Onboard the Flying Dutchman, Elizabeth is surprised to find Norrington has re-evaluated his position, and helps she and her crew escape the ship. Elizabeth is initially dubious, though implores him to come with her back to the Empress when he decides to remain aboard the ship and hold off "Bootstrap Bill". Will's father is unable to realize Norrington is helping Elizabeth, adamant only that "no one leaves the ship". Norrington shoots the line linking the Empress to the Flying Dutchman, stopping Elizabeth from re-boarding to help him, and he is stabbed by the confused "Bootstrap". Dying, James is confronted by Davy Jones, who seems set to offer him the choice of service aboard the ship. In response, James thrusts his sword into Jones' shoulder before dying. Jones keeps the sword for himself, and with the admiral dead, believes command of the ship has returned to him. However, he enters his cabin only to find Mercer has taken the key to the Dead Man's Chest, becoming the Flying Dutchman's new commander.

The Brethren Court[]

The Black Pearl arrives at the shore of Shipwreck Island, where Barbossa confronts Tia Dalma. He names her as Calypso, and orders Pintel and Ragetti to lock her in the brig, ensuring she is unable to escape before Barbossa can free her. He is left contemplating the reason he was brought back from the dead by Dalma, and his fate should he fail to free Calypso.

Meanwhile, Davy Jones is summoned aboard the HMS Endeavour, where Cutler Beckett is drinking tea with Will. Turner informs Jones of Jack's continued survival, though Beckett soon turns the conversation to the subject of Calypso. Jones is particularly vehement in lambasting his former love, and is enraged to learn the Brethren intends to release her. Jones reveals that it was he who showed the first Brethren Court how to bind her, thus matching Calypso's betrayal with one of his own. Will now strikes a bargain of his own. In return for the freedom of his father, Elizabeth, and himself, Will will help lead Beckett and Jones to Shipwreck Cove—with the help of Jack's compass. An additional price from Jones is that he would have Calypso murdered.

The fourth meeting of the Brethren Court is officially opened by Barbossa, who asks his fellow eight Lords to present their pieces of eight—symbols of their Lordship, though in actuality are little more than pieces of junk. Ragetti hands over his wooden eye as Barbossa's piece, though Jack attempts to stall for time in order to avoid handing in his piece. Elizabeth Swann interrupts at that moment, proclaiming the death of Sao Feng, and her position as his successor. The Brethren do not take well to this news, and do not take Elizabeth's warning that the Flying Dutchman is approaching, or her suggestion to fight seriously, believing Shipwreck Cove to be an impregnable fortress. Barbossa, however, voices his plan to free Calypso to use her wrath against Lord Beckett. The Court opposes the notion, and as arguments turn into provocations, the meeting descends into a brawl.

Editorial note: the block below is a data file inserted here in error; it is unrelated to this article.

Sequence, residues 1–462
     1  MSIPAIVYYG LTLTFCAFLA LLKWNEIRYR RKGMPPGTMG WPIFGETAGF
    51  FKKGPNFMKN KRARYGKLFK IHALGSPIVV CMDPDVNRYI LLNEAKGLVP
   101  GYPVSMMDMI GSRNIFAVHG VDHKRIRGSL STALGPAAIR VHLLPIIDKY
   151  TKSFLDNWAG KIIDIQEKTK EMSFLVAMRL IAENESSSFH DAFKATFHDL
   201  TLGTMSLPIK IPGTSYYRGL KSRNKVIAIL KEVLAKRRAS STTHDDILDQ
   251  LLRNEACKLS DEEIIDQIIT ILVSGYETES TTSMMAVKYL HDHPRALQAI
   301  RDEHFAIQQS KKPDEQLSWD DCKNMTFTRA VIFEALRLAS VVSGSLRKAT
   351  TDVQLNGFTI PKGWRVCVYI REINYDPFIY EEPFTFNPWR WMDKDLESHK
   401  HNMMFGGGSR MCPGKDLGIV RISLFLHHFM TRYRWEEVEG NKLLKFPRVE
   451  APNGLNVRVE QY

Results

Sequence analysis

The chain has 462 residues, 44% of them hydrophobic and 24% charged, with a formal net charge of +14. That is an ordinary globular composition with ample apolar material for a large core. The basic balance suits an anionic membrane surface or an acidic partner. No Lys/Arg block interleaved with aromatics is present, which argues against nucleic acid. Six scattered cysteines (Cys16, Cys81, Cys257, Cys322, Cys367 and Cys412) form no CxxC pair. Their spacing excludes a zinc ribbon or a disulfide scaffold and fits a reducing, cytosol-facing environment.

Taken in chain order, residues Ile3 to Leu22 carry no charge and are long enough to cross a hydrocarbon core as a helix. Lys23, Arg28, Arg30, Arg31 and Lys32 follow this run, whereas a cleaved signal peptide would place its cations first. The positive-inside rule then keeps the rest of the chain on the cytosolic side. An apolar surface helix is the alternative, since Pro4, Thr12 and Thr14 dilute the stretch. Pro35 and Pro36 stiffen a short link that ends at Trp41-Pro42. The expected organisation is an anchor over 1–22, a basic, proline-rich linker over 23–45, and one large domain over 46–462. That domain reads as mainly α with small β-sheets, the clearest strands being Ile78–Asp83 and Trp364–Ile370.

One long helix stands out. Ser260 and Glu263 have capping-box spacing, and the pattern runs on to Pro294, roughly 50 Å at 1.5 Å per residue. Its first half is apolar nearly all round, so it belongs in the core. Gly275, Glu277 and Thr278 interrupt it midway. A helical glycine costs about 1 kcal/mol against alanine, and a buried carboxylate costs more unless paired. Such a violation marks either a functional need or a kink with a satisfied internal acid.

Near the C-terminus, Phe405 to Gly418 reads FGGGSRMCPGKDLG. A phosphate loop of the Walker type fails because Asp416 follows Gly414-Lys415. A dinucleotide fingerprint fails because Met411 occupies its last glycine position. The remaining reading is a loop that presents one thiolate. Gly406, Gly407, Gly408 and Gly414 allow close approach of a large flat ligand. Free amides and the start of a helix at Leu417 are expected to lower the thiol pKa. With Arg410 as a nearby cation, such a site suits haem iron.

While the meeting continues, Davy Jones arrives onboard the Black Pearl, to confront Tia Dalma. He angrily asks her why she did not meet him on his one day ashore, and Dalma simply replies that it is her nature. She momentarily reverts Jones back to his human form, promising to give him her heart when she is freed. She also vows to turn against the Brethren Court, and show them the full extent of her cruelty.

The Court stops fighting for a moment to listen to a rambling monologue by Jack, who agrees with Elizabeth, stating that the pirates must fight, if only to run away, pointing out the dangers of the other two plans; Calypso may not be too friendly towards the pirates, and they may kill each other off if they hole up in Shipwreck Cove. However, Barbossa reminds the Court that a declaration of war can only be passed by the Pirate King—and no one has held that title since the first Brethren. To settle the matter, Barbossa calls upon Captain Teague, Keeper of the Code, who confirms Barbossa's statement. Jack calls for a vote, upon which each Pirate Lord votes for him or herself…until Jack seconds Elizabeth's vote, thus electing her Pirate King by popular vote. The Brethren is stunned, and was surely set to have overruled the Code had the infamous Teague not been present. With no other choice, Elizabeth accepts her new position, and declares war at dawn. As the meeting comes to a close, Jack asks Teague about the nature of immortality. Teague states that the trick of it is not simply living forever, but living forever with yourself. Their brief reunion ends with Teague reuniting Jack with his mother—now reduced to a shrunken head carried on Teague's belt.

Parley[]

"Advise your Brethren: you can fight, and all of you will die, or you can not fight, in which case only most of you will die."
―Cutler Beckett to Elizabeth Swann[src]

As all the pirates get ready to fight, they see the horizon filled with Lord Beckett's massive fleet and became dumbstruck. Jack calls for a temporary parley, and he along with Elizabeth and Barbossa go to a small sand bar to meet up with Beckett, Jones, and Will. Jack's deal with Beckett is revealed, and in a fit of anger Barbossa slashes his sword at Jack, cutting off his Piece of Eight. Jack the monkey quickly grabs the piece. Elizabeth decides to trade Jack for Will. Jack is turned over to Jones, just as he had planned. As Barbossa, Elizabeth, and Will walk away Jack the monkey secretly hands Jack's Piece of Eight to Barbossa. Seeing an easy way out of the battle, Barbossa then frees Tia Dalma/Calypso and asks her to help in the battle between the pirates, Davy Jones, the Royal Navy, and the East India Trading Company with Will revealing Jones' betrayal of which she was unaware. However, Calypso disperses and Barbossa sees their last hope lost.